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Booth of  Dagny Lux-Hanson - Has been setting up at Alameda since first opened in 1998. Prior to that, set up at the Marin City Flea 10 years


Next was a nice little c1940 color cowboy print 18 3/4" wide x 12 3/4" tall offered by Eric Rollins of Clovis Ca. Just as I was about to pick it up to look at it someone else picked it up, but didn't buy it


Eric is a full time dealer that sets up every month at Alameda, and likes it a lot. He also does the Rose Bowl Flea down in Pasadena once a month too. He was pleasant, and it was nice to hear he really liked what he did. That was the second regular I spoke with that spoke well of doing Alameda. Dagny Lux-Hanson who also sets up every month also felt the same.  Unfortunately, with all the talk I forgot to record how much the cowboy print was, but it was something reasonable. 


Next William Wilson of San Francisco had a huge Victorian era display case 82" wide by 44" tall by 23" deep, $600.00. Had some kind of metal architectural molding in front of it, that blocked how nice it was. 


As I was walking I saw a couple, George and Sue Rapoza from Sonora Ca., carrying a very large and interesting looking sign of some sort, that looked horseracing related. Horseracing Board w man.jpg (513598 bytes)It looked like it was from the 40's and was a chalkboard for posting some kind of information. I asked him about it. They weren't exactly clear on it's use, but believed as I did, that it probably came from one of the bay area racetracks. They told me they paid a whopping $40.00 for it. I speculate, to a racehorse collector, it would probably sell for $300.00. I asked George how long he'd been collecting. Thirty years he said. Another collector having fun!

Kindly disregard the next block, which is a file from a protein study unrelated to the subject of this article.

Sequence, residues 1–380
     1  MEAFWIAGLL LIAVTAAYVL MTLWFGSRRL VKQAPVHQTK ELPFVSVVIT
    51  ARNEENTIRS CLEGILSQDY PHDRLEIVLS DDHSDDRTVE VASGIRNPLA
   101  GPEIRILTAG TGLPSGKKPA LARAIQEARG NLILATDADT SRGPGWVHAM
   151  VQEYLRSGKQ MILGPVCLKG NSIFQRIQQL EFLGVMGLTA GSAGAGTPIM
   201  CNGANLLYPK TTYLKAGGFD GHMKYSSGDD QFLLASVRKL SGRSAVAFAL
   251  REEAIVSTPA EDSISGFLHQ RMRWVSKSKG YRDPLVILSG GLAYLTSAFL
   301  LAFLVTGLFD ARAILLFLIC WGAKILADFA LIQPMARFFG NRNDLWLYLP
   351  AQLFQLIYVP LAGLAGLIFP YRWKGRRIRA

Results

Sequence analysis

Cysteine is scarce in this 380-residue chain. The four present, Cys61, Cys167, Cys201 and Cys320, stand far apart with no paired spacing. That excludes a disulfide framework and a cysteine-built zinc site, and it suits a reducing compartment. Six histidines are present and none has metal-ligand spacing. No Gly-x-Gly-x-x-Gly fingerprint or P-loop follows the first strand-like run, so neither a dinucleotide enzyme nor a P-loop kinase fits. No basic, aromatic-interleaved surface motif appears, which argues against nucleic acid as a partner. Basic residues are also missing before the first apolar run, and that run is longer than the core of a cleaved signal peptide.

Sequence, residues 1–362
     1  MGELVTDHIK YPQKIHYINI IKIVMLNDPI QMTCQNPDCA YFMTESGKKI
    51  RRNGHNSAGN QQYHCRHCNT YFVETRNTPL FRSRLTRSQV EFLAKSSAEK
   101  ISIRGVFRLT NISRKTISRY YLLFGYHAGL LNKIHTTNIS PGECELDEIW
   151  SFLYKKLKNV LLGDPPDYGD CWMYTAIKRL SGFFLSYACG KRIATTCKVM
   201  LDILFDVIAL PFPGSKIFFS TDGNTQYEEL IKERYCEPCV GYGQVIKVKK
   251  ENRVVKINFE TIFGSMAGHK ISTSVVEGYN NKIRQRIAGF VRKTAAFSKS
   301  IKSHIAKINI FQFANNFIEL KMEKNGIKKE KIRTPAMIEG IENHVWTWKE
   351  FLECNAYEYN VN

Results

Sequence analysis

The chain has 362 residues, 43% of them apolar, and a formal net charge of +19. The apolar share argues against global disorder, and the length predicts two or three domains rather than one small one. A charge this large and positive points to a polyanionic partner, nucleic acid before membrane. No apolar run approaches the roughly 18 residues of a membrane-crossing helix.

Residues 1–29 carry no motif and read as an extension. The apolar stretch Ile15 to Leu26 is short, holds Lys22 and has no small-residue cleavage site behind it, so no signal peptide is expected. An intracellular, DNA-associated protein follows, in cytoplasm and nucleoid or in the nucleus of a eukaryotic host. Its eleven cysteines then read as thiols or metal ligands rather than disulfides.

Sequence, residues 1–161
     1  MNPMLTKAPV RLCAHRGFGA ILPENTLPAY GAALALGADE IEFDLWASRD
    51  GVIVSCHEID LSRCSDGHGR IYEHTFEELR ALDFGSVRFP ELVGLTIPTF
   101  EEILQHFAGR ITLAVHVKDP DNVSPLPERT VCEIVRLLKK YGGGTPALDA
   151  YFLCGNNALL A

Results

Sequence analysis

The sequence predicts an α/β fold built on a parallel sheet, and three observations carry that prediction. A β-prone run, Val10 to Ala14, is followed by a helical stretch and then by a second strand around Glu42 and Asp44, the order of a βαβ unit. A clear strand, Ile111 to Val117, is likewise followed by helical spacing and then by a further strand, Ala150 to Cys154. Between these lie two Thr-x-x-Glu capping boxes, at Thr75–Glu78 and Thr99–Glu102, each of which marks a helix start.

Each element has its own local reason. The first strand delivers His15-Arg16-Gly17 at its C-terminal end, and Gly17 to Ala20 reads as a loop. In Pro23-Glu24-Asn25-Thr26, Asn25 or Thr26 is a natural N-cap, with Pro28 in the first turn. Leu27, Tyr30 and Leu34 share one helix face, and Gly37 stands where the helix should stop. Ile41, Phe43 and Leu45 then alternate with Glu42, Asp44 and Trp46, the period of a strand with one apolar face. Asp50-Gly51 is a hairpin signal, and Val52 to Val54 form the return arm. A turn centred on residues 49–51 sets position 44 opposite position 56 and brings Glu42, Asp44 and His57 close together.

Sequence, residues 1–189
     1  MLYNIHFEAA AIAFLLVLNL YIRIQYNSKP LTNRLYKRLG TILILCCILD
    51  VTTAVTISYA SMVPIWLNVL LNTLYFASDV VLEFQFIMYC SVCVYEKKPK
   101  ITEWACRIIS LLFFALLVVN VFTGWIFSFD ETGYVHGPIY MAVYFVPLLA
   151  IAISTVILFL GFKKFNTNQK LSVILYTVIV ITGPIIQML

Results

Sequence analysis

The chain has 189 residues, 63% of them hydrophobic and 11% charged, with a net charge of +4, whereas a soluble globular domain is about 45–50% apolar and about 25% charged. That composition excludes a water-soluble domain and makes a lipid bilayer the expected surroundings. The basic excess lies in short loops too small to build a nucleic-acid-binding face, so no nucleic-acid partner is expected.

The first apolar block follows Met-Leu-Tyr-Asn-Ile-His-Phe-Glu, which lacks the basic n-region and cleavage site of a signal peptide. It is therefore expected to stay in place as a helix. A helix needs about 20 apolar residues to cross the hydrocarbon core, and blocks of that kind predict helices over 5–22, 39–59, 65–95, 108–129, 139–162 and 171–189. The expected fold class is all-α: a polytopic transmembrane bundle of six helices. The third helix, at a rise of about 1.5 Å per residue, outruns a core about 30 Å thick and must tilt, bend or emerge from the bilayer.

Next was a large and nice rodeo poster 58" tall by 41" wide, for $375.00 offered by Mike Lindsay of Arbuckle's Ca. Mike also had a nice early John Wayne movie poster for "The Lawless Frontier" for $$275.00. Mike is another long time Alameda dealer. I can't recall an Alameda fair he wasn't set up at. Always has nice things in good condition in his booth. Mostly western stuff.


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Mike Lindsay's booth from Arbuckle Ca., 

offers quality western memorabilia


This next mention gets the "quirkiest booth on  a regular basis award". I'm speaking of Alan Perry's corner. Actually he maintains three booths there. Every show he has a fresh crop of eccentricities. And every show there is a ton of traffic coming thru his booth. Along with all sorts of...well, odd little stuff, he usually has a selection of cast metal letters off of buildings and such. I didn't see the usual letters this time though.